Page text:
Early-stage startup marketers must walk a fine line: Everyone is free to chime in on their own, and campaign budgets for pre-revenue companies are extremely slim.
The CTO can always claim how many tickets his team has closed and release dates, but the development manager’s key performance metrics may not appear for weeks or months.
With that in mind, we contacted several marketing experts and asked each of them the same question:
“If you only had a $25,000 marketing budget for the first quarter of 2022, how would you spend it?”
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use discount code TCPLUSROUNDUP To save 20% off a year or two subscription.
Here’s who we talked to:
- Cam Sinclair, Director/Marketer, Ammo
- Jonathan Metric, Chief Development Officer, Portage Ventures
- Tracy Wallace, Director of Marketing, MarketerHire
- Jonathan Martinez, Founder, JMStrategy
- Maya Moufrek, Founder, Marketing Cube
- Pip Laza, CEO, Winter and CXL. founder of
- Lindsey Goldman, Strategic Advisor, MO Professional
The detailed suggestions we received included a budget breakdown, tips for developing a minimum viable brand design, and advice on how to measure success.
Even if you don’t have a marketing person on your team, there’s still enough time on the calendar by January 1st to hire a part-timer who can execute many of these strategies and tactics.
Thanks so much for reading,
Senior Editor, Nerdshala+
TC+ Twitter Spaces: How to Use Zero-Party Data to Personalize Marketing Campaigns
Tomorrow at 3PM PST/6PM EST, I’m hosting a Twitter space with Ben Parr, President and Co-Founder of Octane AI, about using zero-party data to personalize marketing campaigns.
We’ll discuss several of the tips she shared in a guest post that can help you figure out the right questions to ask customers that can boost loyalty and conversions.
This conversation is open to all, so please bring your own questions!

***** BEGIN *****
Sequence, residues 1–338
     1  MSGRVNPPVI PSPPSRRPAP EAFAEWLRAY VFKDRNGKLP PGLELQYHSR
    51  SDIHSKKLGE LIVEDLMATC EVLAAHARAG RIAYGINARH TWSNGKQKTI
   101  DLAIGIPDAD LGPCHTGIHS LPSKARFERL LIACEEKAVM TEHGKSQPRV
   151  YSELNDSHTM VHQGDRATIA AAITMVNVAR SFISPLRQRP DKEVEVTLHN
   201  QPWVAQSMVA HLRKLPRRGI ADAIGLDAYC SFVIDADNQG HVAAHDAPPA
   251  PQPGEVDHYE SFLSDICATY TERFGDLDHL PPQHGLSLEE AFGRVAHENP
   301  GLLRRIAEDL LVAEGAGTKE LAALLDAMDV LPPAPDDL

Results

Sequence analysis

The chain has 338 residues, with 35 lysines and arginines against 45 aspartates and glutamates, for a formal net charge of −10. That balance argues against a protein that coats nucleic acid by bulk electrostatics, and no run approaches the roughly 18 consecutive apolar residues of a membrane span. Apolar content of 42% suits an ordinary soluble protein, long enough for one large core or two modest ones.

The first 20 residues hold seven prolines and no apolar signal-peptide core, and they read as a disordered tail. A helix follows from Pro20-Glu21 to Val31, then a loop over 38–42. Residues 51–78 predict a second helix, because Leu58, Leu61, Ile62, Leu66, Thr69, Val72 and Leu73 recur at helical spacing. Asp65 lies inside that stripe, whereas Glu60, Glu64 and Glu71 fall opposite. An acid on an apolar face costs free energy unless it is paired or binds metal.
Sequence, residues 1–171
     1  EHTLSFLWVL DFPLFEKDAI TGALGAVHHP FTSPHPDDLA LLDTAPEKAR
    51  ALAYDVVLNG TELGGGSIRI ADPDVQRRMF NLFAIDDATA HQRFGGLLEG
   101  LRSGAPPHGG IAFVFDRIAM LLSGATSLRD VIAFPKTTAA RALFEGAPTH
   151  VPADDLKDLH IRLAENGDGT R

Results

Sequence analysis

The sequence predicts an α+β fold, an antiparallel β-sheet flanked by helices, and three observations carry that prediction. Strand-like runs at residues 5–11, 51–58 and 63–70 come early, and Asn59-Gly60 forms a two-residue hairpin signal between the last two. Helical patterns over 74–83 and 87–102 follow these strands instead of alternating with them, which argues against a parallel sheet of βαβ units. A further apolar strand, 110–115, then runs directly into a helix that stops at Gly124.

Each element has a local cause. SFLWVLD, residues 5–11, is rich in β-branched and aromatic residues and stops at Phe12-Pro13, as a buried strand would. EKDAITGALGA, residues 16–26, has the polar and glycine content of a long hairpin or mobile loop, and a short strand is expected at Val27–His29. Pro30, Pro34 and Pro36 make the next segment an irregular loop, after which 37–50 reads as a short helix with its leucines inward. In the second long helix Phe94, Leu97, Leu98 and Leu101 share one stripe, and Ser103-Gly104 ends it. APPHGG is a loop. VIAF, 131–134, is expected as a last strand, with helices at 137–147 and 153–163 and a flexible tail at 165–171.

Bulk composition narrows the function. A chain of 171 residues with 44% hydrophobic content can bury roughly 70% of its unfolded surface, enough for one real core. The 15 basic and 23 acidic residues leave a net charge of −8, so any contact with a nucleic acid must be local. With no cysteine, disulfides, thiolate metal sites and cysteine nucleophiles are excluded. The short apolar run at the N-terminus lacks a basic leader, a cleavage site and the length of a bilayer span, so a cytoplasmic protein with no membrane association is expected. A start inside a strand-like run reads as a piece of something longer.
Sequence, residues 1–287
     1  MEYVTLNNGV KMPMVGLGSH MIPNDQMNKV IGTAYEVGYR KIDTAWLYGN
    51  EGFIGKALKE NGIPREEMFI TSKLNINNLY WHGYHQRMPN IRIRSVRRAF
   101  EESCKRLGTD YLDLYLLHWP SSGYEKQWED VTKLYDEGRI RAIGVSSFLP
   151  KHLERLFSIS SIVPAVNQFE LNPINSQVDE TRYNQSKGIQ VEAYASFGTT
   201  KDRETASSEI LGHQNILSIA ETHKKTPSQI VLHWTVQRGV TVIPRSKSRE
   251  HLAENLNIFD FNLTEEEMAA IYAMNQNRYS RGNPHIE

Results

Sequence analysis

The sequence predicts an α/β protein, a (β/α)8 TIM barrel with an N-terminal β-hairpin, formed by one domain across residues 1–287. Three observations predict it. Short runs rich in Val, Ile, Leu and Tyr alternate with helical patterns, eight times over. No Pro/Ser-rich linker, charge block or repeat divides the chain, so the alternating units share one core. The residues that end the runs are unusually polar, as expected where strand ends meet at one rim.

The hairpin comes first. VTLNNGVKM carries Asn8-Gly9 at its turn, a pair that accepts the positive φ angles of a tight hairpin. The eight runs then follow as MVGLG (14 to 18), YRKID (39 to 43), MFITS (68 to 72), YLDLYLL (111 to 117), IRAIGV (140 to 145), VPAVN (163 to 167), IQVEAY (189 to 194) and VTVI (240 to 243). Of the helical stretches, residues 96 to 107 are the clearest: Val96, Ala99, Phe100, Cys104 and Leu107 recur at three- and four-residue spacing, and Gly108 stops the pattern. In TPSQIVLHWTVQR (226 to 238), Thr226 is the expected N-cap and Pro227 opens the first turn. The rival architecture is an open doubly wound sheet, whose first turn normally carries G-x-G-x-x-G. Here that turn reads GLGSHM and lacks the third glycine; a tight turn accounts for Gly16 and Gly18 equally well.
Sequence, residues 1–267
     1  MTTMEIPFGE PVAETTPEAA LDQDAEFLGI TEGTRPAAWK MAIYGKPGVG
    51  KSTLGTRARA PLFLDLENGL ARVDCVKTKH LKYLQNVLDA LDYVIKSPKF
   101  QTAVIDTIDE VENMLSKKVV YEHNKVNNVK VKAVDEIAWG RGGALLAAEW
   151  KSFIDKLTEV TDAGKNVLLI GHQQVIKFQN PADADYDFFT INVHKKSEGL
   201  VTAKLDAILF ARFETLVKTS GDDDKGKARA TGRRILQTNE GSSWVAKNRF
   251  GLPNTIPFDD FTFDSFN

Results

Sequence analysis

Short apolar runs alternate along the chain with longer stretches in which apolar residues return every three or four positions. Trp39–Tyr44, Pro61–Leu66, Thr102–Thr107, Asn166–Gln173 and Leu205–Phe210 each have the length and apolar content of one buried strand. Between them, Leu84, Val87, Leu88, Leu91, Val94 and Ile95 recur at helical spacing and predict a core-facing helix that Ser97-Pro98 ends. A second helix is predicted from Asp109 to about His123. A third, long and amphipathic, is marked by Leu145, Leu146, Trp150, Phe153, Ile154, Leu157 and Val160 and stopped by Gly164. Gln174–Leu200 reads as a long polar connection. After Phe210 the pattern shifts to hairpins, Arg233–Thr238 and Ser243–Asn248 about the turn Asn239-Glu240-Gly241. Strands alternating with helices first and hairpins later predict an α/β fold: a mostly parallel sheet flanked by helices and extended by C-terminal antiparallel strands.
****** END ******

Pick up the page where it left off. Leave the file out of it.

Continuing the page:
Offer decks and other new tips for startup hiring
Most new startups operate with a hybrid workforce, but that doesn’t guarantee that hiring processes keep pace.
In a panel discussion at Nerdshala Disrupt, Managing Editor Eric Alden interviewed Jaime Bot, talent partner at Sequoia, Touni Nazario-Kranz, operating partner at SignalFire, and Doris Tong, founder and CEO of EQ Talent Group, to learn about their recent shifts. More information can be obtained. Recruitment.
It’s not just engineering talent that is in high demand—with so many startup staff, “there just aren’t enough senior people in the world to be hired overall,” Eric writes.
Casper’s return to private life isn’t a canary for DTC companies going public
Like many of you, my first exposure to Casper was promoting its mattress a few years ago through the company’s ubiquitous podcast ads.
The company has an interesting trajectory: venture-backed, it has been “struggling as a public concern” since its 2020 IPO, reports Alex Wilhelm.
Yesterday, the company announced that it would go private again, “and given that we’re seeing cash-hungry operations like SweetGreen and Rent the Runway list, it’s worth digging into what happened at Casper.”
Lessons We Learned From The Last Week Of Fintech Earnings
After a week of dynamic news, Ryan Lawler and Alex Wilhelm filed a Friday afternoon collab that looked back at “a range of winning fintech results from BNPL, consumer finance, proptech and corporate finance players.”
His recaps include the results of lower earnings from Robinhood and Square, driven by Affirm’s earnings, Zillow’s abandonment of iBuying, and the decline in cryptocurrency trading.